By Kyle Miller
Union’s Philosophy Club meets every Tuesday evening at 5 p.m. to have group discussions, and this week’s topic was a discussion on the role of the brain and the mind.
On Tuesday, Jan. 20, 2015, this topic of debate was held at Beuth House. Dan Pallies ’15, who is writing about this topic for his thesis, led the discussion. The discussion developed into a conversation between the students.
Pallies explained that the Philosophy Club holds these discussions to raise campus involvement with the club’s activities.
“We are increasing the scope of our messages out to the campus community,” he commented. Though the club’s weekly talks have not been well publicized, members are working to rectify this lack of awareness.
There were approximately 20 students who gathered in Beuth’s common area to participate in the “Brain vs. The Mind” discussion. These students came from various disciplines, including: neuroscience, engineering, English and philosophy, which allowed for a wide spectrum of perspectives on the topic.
Despite the diverse backgrounds of the participants, the debate consisted of two main arguments. Most people adamantly believed that the brain and mind are separate entities, which means that humans have the ability to make their own decisions.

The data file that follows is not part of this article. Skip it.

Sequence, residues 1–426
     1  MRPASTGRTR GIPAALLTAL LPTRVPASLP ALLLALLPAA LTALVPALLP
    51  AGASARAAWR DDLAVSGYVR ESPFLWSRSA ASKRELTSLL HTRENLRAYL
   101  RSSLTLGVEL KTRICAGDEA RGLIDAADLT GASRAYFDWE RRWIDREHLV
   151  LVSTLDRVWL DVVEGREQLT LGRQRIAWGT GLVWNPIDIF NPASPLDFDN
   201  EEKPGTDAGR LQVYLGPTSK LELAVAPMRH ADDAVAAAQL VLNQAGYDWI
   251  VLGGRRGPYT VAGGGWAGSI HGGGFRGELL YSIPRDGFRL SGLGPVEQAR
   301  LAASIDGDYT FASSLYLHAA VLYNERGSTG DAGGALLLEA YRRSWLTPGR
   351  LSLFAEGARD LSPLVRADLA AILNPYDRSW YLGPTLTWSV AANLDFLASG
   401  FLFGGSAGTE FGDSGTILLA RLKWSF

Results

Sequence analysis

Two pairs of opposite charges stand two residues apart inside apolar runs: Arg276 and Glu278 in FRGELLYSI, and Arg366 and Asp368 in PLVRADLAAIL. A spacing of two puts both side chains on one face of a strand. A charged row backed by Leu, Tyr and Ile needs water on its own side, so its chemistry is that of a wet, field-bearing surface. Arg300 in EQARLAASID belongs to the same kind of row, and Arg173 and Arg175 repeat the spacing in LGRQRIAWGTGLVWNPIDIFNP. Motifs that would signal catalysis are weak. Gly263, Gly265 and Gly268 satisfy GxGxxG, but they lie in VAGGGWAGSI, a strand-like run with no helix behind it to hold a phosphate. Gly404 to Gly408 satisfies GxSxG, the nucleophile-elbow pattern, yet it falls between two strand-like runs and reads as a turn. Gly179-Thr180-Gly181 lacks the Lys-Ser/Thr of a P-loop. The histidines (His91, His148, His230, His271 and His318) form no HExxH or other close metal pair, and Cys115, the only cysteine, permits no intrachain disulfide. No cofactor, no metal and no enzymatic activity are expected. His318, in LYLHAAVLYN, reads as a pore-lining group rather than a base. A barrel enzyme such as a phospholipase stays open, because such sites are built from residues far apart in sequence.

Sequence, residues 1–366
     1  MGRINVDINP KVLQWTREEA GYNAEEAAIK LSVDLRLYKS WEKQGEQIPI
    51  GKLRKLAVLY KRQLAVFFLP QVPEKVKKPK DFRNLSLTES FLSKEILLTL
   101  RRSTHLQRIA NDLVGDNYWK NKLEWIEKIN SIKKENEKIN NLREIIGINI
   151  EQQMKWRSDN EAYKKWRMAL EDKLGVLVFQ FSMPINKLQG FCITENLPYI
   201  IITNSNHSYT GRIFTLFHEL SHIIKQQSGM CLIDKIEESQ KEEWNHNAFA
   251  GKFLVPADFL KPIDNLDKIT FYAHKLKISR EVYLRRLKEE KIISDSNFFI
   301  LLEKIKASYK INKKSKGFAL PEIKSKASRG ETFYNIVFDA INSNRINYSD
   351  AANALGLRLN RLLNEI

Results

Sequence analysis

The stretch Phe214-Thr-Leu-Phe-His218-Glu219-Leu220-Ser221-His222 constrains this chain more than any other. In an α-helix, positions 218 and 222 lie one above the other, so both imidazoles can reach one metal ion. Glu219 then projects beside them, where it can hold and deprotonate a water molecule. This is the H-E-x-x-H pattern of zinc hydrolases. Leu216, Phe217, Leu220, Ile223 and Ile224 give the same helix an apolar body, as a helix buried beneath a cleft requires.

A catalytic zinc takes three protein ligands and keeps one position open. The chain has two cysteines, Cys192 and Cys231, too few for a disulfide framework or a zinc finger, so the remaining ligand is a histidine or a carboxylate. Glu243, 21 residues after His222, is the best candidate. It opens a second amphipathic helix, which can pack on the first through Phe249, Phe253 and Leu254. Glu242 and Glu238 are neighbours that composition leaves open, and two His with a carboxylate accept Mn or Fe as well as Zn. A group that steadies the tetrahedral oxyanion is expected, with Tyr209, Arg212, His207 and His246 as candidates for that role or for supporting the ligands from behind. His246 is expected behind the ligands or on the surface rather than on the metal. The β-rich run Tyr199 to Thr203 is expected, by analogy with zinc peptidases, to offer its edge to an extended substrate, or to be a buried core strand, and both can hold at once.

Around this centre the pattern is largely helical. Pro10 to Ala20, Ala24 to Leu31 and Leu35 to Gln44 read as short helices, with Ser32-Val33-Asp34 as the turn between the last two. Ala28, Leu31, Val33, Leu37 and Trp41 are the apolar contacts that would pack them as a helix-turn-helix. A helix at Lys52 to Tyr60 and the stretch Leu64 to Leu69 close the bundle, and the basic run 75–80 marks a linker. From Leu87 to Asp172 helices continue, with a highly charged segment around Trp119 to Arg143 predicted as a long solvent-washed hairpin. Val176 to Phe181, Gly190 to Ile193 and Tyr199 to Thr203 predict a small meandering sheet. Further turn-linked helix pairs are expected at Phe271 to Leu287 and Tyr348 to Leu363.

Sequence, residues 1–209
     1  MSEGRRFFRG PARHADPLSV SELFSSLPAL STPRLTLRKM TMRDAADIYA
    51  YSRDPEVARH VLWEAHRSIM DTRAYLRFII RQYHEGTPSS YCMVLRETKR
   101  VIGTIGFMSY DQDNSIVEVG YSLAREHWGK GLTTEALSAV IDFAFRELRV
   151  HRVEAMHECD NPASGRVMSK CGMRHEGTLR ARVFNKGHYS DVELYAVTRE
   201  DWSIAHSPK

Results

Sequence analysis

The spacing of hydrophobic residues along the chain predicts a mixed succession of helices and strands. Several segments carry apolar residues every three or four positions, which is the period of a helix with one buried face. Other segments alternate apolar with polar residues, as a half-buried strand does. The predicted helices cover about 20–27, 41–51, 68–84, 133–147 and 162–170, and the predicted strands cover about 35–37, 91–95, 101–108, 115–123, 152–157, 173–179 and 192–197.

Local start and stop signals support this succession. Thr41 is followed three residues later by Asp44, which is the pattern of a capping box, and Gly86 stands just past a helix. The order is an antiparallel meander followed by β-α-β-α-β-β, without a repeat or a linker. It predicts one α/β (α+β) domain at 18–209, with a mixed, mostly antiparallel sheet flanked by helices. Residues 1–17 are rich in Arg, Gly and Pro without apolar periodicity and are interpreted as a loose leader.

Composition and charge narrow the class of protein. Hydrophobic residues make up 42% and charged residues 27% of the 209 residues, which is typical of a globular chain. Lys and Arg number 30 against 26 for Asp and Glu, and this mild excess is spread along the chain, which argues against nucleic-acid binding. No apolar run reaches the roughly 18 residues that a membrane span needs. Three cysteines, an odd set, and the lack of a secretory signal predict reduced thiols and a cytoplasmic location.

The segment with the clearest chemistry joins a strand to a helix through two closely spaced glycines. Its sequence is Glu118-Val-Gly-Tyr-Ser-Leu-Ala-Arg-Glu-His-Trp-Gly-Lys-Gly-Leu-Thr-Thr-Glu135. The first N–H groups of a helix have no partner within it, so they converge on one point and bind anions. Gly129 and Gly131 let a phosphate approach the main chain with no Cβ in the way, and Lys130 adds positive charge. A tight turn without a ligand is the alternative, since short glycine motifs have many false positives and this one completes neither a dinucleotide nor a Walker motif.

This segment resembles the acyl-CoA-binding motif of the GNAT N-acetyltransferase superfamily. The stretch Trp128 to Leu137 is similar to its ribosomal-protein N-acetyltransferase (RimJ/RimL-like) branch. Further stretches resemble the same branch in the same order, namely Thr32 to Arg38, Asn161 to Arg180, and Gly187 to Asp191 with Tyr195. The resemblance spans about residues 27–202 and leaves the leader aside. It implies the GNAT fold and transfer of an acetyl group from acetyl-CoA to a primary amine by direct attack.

However, there were a few students who strongly opposed this idea. These students constructed their argument based on science.
Both sides raised arguments on various subtopics, including the idea of pain. Individuals posed questions such as, “Is it just simply neurons firing, or is there a second piece to it?” and, “You could tell an alien that pain is the firing of neurons, but does that really explain what’s going on?”
Those who believed in the concept of the mind held that pain is internally interpreted, whereas those who took a scientific approach argued that advances in neurological research could ultimately quantify pain.
Even though the discussion became polarized, students were able to voice their opinions without judgment because there was a mutual respect. These opposing viewpoints served its purpose to create a philosophical discussion.
After the discussion, James Boggs ’18 was asked why he strongly believed that the mind is not independent of the brain. He explained that “everything in the universe can be explained through science, if you look hard enough.” He continued to explain, “In time, we as people will discover more about the brain, and these discoveries will show that our brains don’t think freely, but instead take in data and respond to it.”
Besides holding weekly discussions, the Philosophy Club has recently planned on starting radio interviews with faculty on their areas of research. These interviews would be conducted by club members and would serve the purpose of bringing discussion about faculty research to the forefront.